Prentice, Barry E. (2006): Gateways, Corridors and Strategic City Pairs. Published in: Canadian Transportation Research Forum 41st Annual Meeting (2006): pp. 520-534.
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Advances in transportation technology may mean that topography matters less, but trade routes will continue to favour the paths of least resistance. The location of gateway cities and distribution hubs exhibit patterns of hierarchical systems. A change in technology that alters location advantage heightens corridor competition and in the longer term, it may modify the relative positions of cities in the regional hierarchy. Changes in transportation technology during the 1850s and the 1950s that altered the barriers of time and space reordered trade corridors in these periods. As the 21st Century opens, the growing Asian economies are stimulating Pacific trade routes, and intermodal container shipping is causing a resurgence of railway opportunities for trade routes that are prepared to foster their development.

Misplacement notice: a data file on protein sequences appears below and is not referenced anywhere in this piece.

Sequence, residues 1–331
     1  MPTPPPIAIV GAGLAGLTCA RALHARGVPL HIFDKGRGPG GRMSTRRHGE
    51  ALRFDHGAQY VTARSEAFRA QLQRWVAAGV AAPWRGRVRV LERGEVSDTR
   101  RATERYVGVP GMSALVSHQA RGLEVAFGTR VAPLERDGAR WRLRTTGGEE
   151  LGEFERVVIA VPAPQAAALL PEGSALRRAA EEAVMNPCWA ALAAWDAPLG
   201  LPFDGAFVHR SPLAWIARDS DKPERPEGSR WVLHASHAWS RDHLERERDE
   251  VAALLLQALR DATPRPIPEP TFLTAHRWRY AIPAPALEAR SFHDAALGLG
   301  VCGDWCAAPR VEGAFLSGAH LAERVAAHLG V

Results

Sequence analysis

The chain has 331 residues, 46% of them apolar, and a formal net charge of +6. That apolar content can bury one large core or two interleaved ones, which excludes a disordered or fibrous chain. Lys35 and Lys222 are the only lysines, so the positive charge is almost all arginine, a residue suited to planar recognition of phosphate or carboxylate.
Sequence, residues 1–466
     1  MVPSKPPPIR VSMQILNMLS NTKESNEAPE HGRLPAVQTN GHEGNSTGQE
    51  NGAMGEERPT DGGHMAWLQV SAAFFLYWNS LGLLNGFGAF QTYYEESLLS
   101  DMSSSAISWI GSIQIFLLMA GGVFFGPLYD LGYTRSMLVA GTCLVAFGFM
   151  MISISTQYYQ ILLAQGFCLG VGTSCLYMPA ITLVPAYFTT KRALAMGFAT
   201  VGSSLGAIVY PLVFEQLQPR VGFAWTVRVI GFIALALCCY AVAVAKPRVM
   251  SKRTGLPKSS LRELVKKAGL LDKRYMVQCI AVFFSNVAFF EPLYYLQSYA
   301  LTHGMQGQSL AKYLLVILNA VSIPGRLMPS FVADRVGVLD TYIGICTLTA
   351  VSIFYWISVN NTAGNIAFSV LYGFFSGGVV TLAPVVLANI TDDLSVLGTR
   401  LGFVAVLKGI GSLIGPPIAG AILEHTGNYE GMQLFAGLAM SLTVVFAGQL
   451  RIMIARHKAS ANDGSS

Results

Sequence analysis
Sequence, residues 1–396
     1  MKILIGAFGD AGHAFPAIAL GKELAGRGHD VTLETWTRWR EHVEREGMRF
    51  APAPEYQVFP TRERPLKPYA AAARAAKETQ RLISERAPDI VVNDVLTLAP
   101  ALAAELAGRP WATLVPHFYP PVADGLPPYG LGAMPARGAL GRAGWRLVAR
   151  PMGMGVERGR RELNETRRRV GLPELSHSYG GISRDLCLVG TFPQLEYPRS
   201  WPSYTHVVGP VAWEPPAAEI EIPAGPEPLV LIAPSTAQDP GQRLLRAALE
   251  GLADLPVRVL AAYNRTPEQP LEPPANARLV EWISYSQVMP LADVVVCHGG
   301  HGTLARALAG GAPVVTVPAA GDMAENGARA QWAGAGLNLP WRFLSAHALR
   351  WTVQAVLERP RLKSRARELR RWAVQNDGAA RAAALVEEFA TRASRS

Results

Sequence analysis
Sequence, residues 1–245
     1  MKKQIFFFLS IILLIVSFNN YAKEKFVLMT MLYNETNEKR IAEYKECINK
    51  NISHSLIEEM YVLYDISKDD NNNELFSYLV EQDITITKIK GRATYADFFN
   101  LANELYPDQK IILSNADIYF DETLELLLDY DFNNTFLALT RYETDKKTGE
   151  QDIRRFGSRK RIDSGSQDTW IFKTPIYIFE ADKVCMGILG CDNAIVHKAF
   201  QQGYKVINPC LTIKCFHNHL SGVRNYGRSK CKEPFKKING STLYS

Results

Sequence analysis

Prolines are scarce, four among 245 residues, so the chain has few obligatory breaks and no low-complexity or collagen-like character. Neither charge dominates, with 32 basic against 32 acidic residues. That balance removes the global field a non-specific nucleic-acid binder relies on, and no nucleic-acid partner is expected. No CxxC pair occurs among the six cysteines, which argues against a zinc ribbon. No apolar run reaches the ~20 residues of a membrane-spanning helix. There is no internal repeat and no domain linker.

This paper examines the concept of gateways and corridors, and the importance that strategic city pairs play in taking advantage of transportation opportunities. Its purpose is to encourage discussion on the topic of trade corridor competition. The first section presents a conceptual framework for examining trade corridors. Subsequently, two examples of strategic city pairs and corridor competition are considered. The paper concludes with some thoughts on the role of strategic city pairs in the promotion of the Mid-continent corridor.
|Item Type:||MPRA Paper|
|Original Title:||Gateways, Corridors and Strategic City Pairs|
|Keywords:||corridors; gateways; strategic partnership|
|Subjects:||R - Urban, Rural, Regional, Real Estate, and Transportation Economics > R1 - General Regional Economics > R11 - Regional Economic Activity: Growth, Development, Environmental Issues, and Changes|
|Depositing User:||Barry E. Prentice|
|Date Deposited:||14. Apr 2009 00:37|
|Last Modified:||19. Feb 2013 08:22|
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